Officers ‘wounded’ by publicity given to
racial profiling study
By Tamsin McMahon
Local News - Tuesday, May 31, 2005 @ 07:00
Kingston Police Chief Bill Closs said he’s worried that his officers might be taunted in the community since the release of the department’s racial data collection project.
“The first thing I’m concerned about is any negative contact that my officers might be getting on the street,” he said. “So we’re watching that very closely.”
Closs said he hasn’t heard of any community backlash against police since the department released its controversial project Thursday, showing that blacks were three times more likely to be stopped than whites.
Officer morale has taken a hit since the projects results were released, Closs said, in part because of what he called unbalanced media coverage that insinuated that officers were racist.
“They’re hurting. I’d have to say they’re wounded,” he said. “I don’t believe for a moment that I have racist officers. I do not have any racist police officers. I have good, professional police officers, or they never would have participated in this project in the first place.
“But when it comes out that there are disparities in some of their stops, in some of those contact cards, it’s difficult. The unfortunate part and the worst thing is they’re reading what’s in the media and, frankly, if the media doesn’t write well-balanced stories with well-balanced headlines, it kills us, it absolutely kills us.
Closs spoke from the road, as he drove to Aylmer to present the results of
the Kingston project today to more than 100 police officials from across the
province at the Ontario Police College.
Police departments in Toronto, Halton Region, Ottawa and Hamilton, along with OPP, all planed to send senior officers to the conference.
Kingston Police is bringing a contingent including Closs, Deputy Chief Bob Napier, crime analyst Ray Lonsdale, training officer Sgt. Jody Armstrong, diversity co-ordinator Sgt. Helene Corcoran, professional standards officer Staff Sgt. Antje McNeely, members of the Kingston Police Association and police services board chair Carol Allison-Burra.
“The idea is to present, at least from our perspective, a fairly balanced viewpoint and basically lay it out that this is what happened to us, this is what we’ve found out and maybe others can learn from it,” Napier said.
Kingston became the first police department in Canada to collect and analyse racial statistics after banning racial profiling two years ago.
Since then, Toronto Police have been watching Kingston’s experience with a view to undertaking a similar project.
Groups representing visible minorities have called on police departments across the country to follow Kingston’s lead.
Closs said he’s never received more feedback on any issue than he has on the racial data collection project.
All of the feedback, including calls and e-mails from the community and from as far away as Toronto, Ottawa and London, has been positive, he said.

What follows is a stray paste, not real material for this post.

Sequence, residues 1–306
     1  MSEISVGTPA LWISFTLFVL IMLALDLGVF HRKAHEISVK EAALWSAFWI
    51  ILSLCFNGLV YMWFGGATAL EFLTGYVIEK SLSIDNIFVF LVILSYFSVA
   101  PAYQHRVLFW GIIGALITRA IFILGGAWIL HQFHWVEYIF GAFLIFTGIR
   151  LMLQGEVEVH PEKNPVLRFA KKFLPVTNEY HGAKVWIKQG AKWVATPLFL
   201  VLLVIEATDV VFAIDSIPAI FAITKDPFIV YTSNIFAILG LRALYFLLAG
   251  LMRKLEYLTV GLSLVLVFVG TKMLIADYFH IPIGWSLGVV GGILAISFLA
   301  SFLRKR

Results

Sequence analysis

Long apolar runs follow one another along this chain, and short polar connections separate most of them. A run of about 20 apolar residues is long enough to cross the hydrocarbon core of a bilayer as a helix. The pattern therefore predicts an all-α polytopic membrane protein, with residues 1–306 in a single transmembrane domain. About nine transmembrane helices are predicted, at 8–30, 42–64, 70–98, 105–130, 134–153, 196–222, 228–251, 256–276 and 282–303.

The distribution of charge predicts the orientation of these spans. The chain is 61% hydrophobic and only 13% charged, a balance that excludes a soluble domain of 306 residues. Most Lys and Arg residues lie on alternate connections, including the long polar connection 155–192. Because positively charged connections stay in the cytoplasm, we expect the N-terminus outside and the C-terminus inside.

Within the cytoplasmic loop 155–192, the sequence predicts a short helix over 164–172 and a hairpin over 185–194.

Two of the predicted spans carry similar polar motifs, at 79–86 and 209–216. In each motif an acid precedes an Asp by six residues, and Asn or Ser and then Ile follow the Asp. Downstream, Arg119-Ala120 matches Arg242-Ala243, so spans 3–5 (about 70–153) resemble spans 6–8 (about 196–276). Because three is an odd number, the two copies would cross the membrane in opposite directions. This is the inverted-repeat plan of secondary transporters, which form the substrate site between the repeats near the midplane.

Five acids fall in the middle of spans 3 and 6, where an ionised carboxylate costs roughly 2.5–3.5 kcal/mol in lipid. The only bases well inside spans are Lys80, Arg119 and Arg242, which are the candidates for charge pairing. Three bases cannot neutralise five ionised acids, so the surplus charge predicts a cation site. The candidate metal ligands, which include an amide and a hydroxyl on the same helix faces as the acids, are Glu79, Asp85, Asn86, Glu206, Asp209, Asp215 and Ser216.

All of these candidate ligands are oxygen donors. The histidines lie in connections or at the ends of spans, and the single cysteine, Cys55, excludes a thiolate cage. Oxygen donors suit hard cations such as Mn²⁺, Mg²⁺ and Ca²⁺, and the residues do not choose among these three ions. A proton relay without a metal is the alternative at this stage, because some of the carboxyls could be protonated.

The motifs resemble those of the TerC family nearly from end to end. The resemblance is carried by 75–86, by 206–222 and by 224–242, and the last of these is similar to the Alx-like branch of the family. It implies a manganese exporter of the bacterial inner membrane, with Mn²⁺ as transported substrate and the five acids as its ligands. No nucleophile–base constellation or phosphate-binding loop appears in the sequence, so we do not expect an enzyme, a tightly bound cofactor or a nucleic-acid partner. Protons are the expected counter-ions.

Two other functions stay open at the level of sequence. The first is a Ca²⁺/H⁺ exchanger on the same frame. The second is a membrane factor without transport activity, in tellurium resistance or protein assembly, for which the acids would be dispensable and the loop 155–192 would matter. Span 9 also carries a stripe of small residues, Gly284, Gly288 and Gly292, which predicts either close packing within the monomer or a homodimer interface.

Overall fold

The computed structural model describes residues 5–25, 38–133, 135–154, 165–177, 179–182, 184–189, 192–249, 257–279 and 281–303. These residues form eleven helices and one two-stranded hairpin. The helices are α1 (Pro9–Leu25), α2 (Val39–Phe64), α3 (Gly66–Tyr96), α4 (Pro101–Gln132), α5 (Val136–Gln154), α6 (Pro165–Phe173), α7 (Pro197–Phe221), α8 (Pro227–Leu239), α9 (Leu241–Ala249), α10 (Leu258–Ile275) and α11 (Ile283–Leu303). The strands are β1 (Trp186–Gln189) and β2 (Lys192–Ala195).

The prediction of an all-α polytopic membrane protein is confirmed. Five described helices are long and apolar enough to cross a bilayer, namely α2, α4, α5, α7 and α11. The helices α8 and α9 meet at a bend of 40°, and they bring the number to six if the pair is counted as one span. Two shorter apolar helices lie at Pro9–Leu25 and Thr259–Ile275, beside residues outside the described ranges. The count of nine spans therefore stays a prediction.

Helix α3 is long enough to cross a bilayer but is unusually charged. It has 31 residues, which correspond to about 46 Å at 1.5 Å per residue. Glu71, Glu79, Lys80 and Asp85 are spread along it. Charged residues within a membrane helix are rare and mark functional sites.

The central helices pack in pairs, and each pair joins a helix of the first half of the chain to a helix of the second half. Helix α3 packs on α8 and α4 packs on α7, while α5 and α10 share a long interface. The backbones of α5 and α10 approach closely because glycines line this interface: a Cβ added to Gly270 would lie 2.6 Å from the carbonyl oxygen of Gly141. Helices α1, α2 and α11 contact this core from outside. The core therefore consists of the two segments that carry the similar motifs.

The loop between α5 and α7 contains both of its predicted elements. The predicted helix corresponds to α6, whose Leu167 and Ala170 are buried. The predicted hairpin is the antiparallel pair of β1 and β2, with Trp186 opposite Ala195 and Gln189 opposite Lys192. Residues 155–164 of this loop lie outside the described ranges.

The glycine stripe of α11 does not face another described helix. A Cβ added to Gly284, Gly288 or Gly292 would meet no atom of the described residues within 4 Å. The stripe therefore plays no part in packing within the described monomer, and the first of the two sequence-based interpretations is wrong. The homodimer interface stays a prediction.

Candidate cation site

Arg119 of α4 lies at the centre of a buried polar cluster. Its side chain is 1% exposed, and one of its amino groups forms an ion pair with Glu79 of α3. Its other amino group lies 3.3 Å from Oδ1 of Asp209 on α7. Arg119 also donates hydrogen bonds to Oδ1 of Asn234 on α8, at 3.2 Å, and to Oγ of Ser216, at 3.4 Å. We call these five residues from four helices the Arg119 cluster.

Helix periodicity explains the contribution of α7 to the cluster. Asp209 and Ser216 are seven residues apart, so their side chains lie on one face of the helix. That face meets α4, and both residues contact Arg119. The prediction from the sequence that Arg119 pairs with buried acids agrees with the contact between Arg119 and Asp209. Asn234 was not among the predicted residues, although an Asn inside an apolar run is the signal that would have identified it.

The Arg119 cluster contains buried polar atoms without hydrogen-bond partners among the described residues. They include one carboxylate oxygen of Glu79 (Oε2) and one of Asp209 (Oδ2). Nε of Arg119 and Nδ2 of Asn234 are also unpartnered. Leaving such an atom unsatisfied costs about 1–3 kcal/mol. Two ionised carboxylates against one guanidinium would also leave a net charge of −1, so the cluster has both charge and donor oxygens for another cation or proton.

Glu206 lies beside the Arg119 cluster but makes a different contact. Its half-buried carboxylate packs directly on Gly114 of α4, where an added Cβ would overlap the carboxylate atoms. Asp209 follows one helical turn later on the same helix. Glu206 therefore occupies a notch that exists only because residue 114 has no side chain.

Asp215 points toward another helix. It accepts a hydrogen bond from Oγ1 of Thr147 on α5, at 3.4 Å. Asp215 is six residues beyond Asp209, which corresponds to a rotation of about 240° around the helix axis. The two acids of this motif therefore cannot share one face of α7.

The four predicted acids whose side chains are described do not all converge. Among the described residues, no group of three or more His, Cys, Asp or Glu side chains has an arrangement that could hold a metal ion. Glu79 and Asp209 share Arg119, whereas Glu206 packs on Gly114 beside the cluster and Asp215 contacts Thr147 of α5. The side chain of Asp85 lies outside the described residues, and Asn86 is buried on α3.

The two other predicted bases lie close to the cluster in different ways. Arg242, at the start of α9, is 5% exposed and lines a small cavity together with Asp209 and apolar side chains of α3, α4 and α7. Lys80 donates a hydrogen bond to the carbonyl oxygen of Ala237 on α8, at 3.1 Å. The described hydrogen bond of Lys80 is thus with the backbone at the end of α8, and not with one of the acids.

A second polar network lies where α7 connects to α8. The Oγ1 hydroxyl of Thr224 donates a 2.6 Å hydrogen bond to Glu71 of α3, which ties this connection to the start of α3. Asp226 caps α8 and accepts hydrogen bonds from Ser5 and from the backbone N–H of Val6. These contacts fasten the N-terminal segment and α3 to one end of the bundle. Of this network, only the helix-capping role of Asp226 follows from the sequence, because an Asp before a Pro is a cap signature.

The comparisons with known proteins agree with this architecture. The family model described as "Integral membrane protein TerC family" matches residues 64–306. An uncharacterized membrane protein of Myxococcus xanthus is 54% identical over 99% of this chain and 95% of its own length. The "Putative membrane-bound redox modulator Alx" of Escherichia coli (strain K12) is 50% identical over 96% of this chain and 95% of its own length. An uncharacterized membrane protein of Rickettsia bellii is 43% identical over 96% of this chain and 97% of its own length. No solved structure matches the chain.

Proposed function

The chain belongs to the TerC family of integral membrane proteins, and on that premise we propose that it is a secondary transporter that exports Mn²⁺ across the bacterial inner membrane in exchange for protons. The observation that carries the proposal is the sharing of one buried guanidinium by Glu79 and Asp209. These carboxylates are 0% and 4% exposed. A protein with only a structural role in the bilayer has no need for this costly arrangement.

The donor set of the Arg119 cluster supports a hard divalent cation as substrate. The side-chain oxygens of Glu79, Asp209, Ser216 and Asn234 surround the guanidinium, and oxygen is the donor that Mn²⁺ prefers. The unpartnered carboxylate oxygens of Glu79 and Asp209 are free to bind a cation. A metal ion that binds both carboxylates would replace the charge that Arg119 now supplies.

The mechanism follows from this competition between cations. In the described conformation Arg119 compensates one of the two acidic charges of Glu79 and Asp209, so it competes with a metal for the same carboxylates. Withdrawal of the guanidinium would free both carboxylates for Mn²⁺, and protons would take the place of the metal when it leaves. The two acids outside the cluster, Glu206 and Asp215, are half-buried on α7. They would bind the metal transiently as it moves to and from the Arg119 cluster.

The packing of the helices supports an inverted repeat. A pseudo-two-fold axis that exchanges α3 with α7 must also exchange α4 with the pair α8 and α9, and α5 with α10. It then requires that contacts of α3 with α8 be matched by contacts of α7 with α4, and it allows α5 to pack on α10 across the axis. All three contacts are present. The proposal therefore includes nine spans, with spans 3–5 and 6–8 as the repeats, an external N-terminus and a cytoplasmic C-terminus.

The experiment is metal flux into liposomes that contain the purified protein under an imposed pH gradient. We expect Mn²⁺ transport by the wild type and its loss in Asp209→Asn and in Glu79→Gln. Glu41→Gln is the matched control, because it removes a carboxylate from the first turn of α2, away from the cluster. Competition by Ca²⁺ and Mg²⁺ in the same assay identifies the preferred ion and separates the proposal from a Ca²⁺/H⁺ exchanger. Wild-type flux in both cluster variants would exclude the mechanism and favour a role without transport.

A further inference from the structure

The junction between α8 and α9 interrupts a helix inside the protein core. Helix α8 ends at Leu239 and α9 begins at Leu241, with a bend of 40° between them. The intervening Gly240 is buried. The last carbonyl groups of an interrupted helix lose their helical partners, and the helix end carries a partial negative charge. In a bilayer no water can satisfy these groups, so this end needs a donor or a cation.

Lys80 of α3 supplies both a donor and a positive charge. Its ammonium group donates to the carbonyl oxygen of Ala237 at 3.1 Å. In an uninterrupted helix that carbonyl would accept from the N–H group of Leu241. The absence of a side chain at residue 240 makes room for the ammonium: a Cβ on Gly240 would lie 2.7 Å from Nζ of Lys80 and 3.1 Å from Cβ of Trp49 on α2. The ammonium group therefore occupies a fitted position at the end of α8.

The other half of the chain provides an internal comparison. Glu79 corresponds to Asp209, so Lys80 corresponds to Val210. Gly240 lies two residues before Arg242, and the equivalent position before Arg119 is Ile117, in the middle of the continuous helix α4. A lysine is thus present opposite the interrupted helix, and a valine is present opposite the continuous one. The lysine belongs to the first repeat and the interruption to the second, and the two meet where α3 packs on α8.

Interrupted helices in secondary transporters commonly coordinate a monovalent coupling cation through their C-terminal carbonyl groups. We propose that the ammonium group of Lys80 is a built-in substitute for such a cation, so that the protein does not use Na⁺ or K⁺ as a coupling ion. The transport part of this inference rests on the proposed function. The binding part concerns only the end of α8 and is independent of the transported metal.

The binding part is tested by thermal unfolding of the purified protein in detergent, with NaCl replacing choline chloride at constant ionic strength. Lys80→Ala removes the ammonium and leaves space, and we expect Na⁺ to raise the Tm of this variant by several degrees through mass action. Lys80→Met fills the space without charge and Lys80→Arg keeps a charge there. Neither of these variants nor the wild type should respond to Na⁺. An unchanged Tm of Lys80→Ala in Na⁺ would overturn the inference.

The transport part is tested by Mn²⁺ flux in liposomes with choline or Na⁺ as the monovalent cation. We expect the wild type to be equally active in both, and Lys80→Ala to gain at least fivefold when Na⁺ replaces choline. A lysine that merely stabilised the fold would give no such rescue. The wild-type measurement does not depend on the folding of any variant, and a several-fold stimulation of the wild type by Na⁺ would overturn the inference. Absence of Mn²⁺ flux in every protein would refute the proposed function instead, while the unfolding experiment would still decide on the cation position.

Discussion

“In my office we have not received one single negative comment,” he said.
Most people have called to congratulate police officers for participating in the project despite initially objecting to it. Others have said that despite results that appear to support allegations of racial profiling, they still support Kingston Police, Closs said.
“We’re getting a groundswell of people that are coming forward and saying there might be disparities in whatever you’re doing out there, but we think you’re good police officers, you’re not racist,” he said.
Police officers have been hearing a different story from their friends at other departments, who have called to crack jokes, Closs said. He didn’t want to elaborate on what kind of comments officers had received.
“This is just the police culture we’re talking about,” he said. “But they’re getting some good-natured razzing. Unfortunately, right now everybody is so sensitive, I just wish this would be 100 per cent upbeat and keep the jokes out of it.”
When Kingston first announced its data collection project, feedback from other police officials ranged from “don’t go there” to “good luck,”said Deputy Chief Napier, a board member of the Ontario Association of Chiefs of Police.
Now that the study results are out, “most of the comments I’ve heard have been ‘better you than us’ and ‘we’re glad it’s not us,’ ” he said. “But that’s the way it goes.”
Yesterday the president of Union of Ontario Indians praised the Kingston police study for acknowledging that officers are more likely to stop aboriginals.
But Anishinabek Nation Grand Council Chief John Beaucage said the study was long overdue.
“It validates the concerns the First Nation community has been raising for years,” he said in a news release.
The Kingston study showed that aboriginals were 1.4 times more likely to be stopped than whites.
However, University of Toronto criminologist Scot Wortley, who was brought in to analyse the Kingston results, said a small group of people who’d been stopped many times skewed the statistics and that aboriginals were being stopped less than their numbers in the community suggested.